The summer I turned 14, my parents bought a new car. It was 1958, and we were in the second Eisenhower Recession; economy cars were hot. It seemed an opportune time to trade in our 1949 Mercury, which, though it had fewer than 60,000 miles, was anything but economical. The popular Volkswagen was too small and we were not a Microbus family. We looked at the Triumph Ten, but found it almost as cramped as the VW. Peugeot, however, had just hit the American market with their 403 model, still drawing raves in France three years after its introduction. After a few test drives and appropriate deliberations, we bought a Peugeot 403 Grand Luxe Berline (sedan) from Hamzy’s Garage, the local dealer. Hamzy’s also dealt in two other imports that were becoming popular, Renault and Borgward.
The 403 was mechanically a refinement of the 203 model introduced in 1948, and which continued in production. The engine, a hemi-head inline four, was enlarged from the 203’s 1,290 cc to 1,468, but the car retained a four-speed column-shift overdrive gearbox and worm gear rear axle. Suspension was a somewhat unconventional setup, independent in front with a transverse leaf spring and rack-and-pinion steering, and a coil-sprung live axle in the rear with “wishbone” radius arms. Whatever, it handled superbly, in part due to the standard Michelin X radial tires. The body was an entirely new design by Pininfarina. US models could have whitewalls as a no-cost option, but the handling suffered since they were not radials.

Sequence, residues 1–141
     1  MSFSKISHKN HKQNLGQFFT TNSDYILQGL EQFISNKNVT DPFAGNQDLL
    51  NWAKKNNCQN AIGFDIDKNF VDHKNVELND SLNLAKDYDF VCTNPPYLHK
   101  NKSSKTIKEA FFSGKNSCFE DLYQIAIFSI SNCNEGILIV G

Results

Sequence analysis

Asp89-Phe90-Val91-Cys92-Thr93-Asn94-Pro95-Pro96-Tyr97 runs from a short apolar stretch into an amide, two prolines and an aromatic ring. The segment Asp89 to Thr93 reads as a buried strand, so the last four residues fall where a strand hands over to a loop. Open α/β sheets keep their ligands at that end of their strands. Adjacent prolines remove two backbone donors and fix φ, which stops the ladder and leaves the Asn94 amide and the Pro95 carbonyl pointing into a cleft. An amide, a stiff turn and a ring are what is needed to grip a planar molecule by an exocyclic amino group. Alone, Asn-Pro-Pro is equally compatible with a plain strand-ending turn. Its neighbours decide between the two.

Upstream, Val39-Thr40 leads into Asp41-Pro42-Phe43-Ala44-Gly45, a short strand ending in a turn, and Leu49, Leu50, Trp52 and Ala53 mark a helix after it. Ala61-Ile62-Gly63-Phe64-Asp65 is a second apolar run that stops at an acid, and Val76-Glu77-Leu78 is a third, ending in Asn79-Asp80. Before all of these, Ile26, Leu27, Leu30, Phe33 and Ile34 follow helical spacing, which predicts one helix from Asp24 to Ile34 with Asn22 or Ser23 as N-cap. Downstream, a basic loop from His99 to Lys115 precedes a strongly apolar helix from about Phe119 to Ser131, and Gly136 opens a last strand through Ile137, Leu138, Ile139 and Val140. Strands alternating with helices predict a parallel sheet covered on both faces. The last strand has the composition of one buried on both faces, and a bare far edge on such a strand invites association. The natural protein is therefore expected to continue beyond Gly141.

There were five different models of 403s, at least in the home market. In addition to the Berline there was a natty little Cabriolet, beloved of Peter Falk in the Columbo series, and an eight-seat Familiale station wagon. The Limousine Commerciale was a utility version of the wagon, and there was also a Camionette Bachée (covered van). Only the Berline, Familiale and a few Cabriolets came to the United States.
Our car, in the soft green shown in the brochures, had the standard features of manual sunroof, reclining seats (which made a lumpy bed) and large trunk with readily accessible spare tire. It took us everywhere, to church (Easter Sunday 1960), on vacation, around town, for more than ten years. By that time it was still running well despite having covered 100,000 miles, but the salt of northeastern winters had taken its toll on the unibody. Eventually they gave it away. You don’t often see them restored (think salt on unibody), but every time I do I get nostalgic.